Historic Tall Ship Bringing Drinks and Oysters to TriBeCa's Pier 25
TRIBECA — A historic ship serving drinks and seafood by a popular Williamsburg restaurateur is sailing into TriBeCa this June.
The 142-foot-long ship, the largest wooden vessel in New York, has been converted into a traveling museum, said Alexander Pincus, an owner of Atlantic Yachting, at a CB1 meeting Wednesday.
“We think it’s a beautiful vessel, and we want to share this with [the] community,” said Pincus, who is an avid sailor along with his brother and business partner Miles Pincus.
Selling drinks, oysters and a few small side dishes would offset the cost of maintaining free public access to the boat, which will offer tours and lectures, Pincus said. Menu items include olive oil-poached salt cod on toast, hush puppies, and kale salad with shaved fennel, olive and citrus. Prices have not yet been set.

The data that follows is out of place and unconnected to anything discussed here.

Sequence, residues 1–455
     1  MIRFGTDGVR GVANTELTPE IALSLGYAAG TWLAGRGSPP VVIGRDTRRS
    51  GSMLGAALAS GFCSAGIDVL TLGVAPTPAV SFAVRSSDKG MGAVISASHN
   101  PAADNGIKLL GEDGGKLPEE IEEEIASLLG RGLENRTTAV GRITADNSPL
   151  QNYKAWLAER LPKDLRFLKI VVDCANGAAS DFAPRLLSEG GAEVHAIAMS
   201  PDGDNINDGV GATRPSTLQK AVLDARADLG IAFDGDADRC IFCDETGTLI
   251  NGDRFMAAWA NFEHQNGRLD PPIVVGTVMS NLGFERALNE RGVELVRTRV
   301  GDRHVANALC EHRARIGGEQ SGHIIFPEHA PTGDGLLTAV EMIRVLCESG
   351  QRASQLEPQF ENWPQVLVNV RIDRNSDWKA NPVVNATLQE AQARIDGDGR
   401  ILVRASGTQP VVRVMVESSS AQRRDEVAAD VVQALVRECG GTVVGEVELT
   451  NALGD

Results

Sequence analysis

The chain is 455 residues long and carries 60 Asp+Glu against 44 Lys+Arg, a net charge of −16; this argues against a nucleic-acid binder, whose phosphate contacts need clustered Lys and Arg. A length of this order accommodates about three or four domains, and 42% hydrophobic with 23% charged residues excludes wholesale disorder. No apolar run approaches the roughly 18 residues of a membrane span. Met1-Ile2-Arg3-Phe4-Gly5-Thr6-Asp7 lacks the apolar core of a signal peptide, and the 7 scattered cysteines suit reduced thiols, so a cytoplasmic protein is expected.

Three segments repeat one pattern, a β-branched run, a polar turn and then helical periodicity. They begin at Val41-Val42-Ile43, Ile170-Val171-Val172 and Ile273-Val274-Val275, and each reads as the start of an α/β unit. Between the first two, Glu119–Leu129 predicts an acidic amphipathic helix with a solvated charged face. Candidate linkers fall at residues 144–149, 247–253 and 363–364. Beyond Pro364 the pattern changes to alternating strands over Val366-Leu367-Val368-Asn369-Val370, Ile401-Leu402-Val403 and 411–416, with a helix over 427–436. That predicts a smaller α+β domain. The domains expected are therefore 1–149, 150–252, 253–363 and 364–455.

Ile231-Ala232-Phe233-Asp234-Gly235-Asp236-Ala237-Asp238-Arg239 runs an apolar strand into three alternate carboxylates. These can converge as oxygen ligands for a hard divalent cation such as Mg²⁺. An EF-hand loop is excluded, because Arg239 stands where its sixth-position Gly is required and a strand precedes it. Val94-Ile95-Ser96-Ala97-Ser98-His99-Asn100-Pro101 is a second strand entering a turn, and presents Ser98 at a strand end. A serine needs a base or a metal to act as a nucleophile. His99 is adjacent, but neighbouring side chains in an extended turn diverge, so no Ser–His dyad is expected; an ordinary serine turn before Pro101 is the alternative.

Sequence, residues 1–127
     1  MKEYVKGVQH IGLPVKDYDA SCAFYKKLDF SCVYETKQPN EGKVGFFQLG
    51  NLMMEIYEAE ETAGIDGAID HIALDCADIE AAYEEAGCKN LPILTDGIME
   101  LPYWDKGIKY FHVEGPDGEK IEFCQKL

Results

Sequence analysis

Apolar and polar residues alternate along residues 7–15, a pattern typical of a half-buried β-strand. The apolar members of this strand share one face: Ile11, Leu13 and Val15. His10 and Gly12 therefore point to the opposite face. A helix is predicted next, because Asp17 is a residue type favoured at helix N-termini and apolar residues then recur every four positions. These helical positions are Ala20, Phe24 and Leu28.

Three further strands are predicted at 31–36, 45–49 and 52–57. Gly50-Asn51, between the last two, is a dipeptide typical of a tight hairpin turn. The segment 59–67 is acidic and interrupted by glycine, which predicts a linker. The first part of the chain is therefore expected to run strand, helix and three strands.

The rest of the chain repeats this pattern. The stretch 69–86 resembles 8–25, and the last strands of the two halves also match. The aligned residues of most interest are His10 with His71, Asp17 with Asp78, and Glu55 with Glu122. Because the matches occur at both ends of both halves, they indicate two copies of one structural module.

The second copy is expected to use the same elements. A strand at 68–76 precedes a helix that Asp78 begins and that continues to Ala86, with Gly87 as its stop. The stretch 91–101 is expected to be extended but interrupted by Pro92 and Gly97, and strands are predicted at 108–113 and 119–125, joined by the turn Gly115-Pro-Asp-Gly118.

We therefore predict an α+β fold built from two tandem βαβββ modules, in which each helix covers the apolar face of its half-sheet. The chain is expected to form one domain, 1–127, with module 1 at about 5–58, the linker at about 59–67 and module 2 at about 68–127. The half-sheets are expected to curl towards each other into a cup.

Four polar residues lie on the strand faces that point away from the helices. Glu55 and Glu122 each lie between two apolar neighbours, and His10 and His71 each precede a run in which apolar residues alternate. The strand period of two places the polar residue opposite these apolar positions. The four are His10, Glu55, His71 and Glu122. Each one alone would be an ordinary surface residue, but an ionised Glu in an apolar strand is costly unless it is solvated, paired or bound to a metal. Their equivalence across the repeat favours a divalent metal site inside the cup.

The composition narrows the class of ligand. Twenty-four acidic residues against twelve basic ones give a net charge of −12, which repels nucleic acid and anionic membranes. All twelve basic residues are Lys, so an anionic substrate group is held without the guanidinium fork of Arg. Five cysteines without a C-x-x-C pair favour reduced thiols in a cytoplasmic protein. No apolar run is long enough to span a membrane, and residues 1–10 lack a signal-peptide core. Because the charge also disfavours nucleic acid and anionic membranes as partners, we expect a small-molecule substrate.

The raw bar, called Grand Banks, will be based on the boat's deck and will be run by Brooklyn restaurateur Mark Firth, owner of Williamsburg's Diner and Marlow & Sons. This would be Firth’s first venture in Manhattan.
CB1 gave unanimous advisory support to the 62-seat dining area’s liquor license, which will be open from 10 a.m. to 11 p.m. Sunday through Thursday and 10 a.m. to midnight on Fridays and Saturdays. If late-night noise isn’t an issue, CB1 will consider extending the hours to midnight through Sunday as well, the board said.
Nicolette Witcher, vice president of environment and education for the Hudson River Park Trust, said the trust is still finalizing the deal to bring the boat to Pier 25. The historic vessel would be a "trial run" and if it went well, the trust would open the spot to a full request for proposals next year, said Witcher, who attended the CB1 meeting to support the boat plans.
The Sherman Swicker is the last original saltbank fishing vessel that exists in the world. The ship was once one of a fleet of hundreds of large wooden schooners that fished the Grand Banks — an area of the Atlantic south of Newfoundland — and moving cargo of fish and salt along the Atlantic down to South America.
The ship's season is set to run from June 1 to Oct. 31 at Pier 25, Pincus said.